Survey of Genomes - Treponema pallidum

In this episode from a survey of genomes, Daijah Sek from the 2019 Hiram College Genetics course walks us through the genome of the syphilis pathogen Treponema pallidum.

My name is Daijah Sek, and on today’s episode I will be discussing Treponema pallidum which many of you may already be familiar with. In 1905, scientists Schaudinn and Hoffman identified this spiral-shaped bacterium as a causative agent of syphilis. However, we now suspect with more recent research done that this may have originated and been present as far back as in the Columbus era in the 1400s in Europe. It’s subspecies can cause yaws and bejel in restricted regions of the world. Though they are more constrained to tropical climates.

As said by Fraser et al., Treponema pallidum has been a difficult organism to study experimentally because it is completely dependent on a mammalian host for sustained growth and viability. If the exact conditions are not met, the organism cannot be studied. The genomic sequence of T. pallidum brings about a great deal of useful information that would be unlikely to find by any other approach. A more complete understanding of the biochemistry of this organism derived from genome analysis may provide a foundation for the development of a culture medium for T. pallidum, which opens up the possibility of future genetic studies.

As we know, syphilis is a relatively common STI/STD that is still around today. While we have an effective treatment of penicillin or other appropriate antibiotics should a patient be allergic, it is still useful to study this organism and to care about it because of its presence today and because there is still much more to learn about what can be done for people who have syphilis in more serious forms such as latent and tertiary where fatality is on the table.
In 1998, Fraser et al. sequenced the T. pallidum genome and determined that it hast 1,138,006 base pairs. This organism contains a single circular chromosome containing 1,041 predicted coding sequences or open reading frames.
In 1999, Centurion-Lara et al. studied Treponema pallidum’s major sheath protein trp K which is a target of opsonic antibody and the protective immune response. It is predicted to have a cleavable signal peptide and is located in the outer membrane of the bacterium. With their research done on rabbits, they hypothesized that this gene family is important to pathogenesis and immunity of syphilis infection. They identify that treponema pallidum is able to cause a multistage disease and establishes life-long infections and that it is important to understand that through protective immunity.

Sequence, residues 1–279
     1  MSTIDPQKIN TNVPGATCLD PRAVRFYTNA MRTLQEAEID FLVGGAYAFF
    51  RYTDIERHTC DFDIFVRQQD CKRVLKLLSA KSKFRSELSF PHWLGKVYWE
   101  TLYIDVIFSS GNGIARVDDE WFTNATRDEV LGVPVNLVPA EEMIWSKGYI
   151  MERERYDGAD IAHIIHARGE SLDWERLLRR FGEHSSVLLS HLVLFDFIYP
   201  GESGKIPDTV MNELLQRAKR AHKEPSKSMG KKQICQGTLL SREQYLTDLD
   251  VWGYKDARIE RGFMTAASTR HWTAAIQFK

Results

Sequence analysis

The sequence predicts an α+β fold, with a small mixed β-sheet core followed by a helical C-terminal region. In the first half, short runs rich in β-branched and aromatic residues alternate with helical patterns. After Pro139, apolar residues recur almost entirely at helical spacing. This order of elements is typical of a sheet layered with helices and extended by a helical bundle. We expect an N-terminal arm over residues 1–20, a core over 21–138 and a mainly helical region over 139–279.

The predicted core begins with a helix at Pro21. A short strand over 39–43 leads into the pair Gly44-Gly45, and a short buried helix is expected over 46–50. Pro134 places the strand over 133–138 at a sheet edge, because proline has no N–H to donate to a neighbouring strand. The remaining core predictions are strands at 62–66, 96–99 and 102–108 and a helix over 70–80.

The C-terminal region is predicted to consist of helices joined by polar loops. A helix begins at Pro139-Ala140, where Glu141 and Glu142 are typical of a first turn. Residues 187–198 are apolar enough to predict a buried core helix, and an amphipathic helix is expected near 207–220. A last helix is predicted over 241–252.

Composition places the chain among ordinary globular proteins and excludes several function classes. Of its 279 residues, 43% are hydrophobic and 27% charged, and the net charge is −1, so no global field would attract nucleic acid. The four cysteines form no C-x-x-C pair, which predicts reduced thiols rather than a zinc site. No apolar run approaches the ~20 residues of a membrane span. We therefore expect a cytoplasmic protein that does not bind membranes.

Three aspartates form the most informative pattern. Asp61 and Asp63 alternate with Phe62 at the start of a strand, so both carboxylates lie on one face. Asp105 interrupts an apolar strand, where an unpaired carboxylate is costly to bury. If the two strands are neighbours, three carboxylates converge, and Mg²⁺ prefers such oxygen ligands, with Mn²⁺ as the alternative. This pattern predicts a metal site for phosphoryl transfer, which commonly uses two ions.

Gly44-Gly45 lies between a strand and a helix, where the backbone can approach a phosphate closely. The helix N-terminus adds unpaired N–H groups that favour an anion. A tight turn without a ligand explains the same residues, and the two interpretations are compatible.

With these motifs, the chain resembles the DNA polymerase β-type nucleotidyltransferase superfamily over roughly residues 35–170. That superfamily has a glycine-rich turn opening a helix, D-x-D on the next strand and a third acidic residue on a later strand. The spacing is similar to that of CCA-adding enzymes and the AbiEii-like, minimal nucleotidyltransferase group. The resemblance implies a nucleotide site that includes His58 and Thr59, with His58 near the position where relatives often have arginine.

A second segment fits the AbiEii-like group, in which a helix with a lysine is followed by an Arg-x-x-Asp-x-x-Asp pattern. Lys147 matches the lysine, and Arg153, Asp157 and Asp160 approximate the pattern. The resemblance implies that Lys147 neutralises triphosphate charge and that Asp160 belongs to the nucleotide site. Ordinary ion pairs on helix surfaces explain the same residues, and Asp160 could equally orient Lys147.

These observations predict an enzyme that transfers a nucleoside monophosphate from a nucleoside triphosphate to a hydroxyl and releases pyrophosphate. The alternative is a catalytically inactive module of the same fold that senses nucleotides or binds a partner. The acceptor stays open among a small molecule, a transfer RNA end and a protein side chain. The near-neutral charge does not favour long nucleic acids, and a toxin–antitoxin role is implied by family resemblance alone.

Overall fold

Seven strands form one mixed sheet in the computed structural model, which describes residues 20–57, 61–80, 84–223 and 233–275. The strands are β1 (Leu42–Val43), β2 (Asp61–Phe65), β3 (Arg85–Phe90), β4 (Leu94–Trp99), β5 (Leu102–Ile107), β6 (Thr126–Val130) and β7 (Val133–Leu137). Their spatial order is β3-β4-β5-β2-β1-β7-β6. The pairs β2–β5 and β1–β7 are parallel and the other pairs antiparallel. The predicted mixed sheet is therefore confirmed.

In 2000, only two years after the T. pallidum genome was sequenced, Subramanian et al did a study on comparative genome analyses of Treponema pallidum organism with Borrelia burgdorferi which is another pathogenic spirochete that is known to be the causing agent of Lyme disease. This team was able to compare the genomes and gain insight to the organism’s evolutionary trends and adaptive strategies. This can better help scientists to understand the organism in order to more effectively treat as well as even prevent the diseases. They specifically were able to identify metabolic and signaling pathways that are specifically in pathogens and great targets for therapeutic intervention. Fun fact: this study used the tool BLAST that we have all become very familiar with. The team was also able to identify new protein families in these spirochetes which with further research, they believe can be a resourceful way to study pathogen-host interactions.

Fraser, Claire M., et al. “Complete Genome Sequence of Treponema Pallidum, the Syphilis Spirochete.” Science, American Association for the Advancement of Science, 17 July 1998,

Centurion-Lara, A et al. “Treponema pallidum major sheath protein homologue Tpr K is a target of opsonic antibody and the protective immune response” Journal of experimental medicine vol. 189,4 (1999): 647-56.

George M. Weinstock, John M. Hardham, Michael P. McLeod, Erica J. Sodergren, Steven J. Norris, The genome of Treponema pallidum: new light on the agent of syphilis, FEMS Microbiology Reviews, Volume 22, Issue 4, October 1998, Pages 323–332,

Subramanian, G et al. “Comparative genome analysis of the pathogenic spirochetes Borrelia burgdorferi and Treponema pallidum” Infection and immunity vol. 68,3 (2000): 1633-48.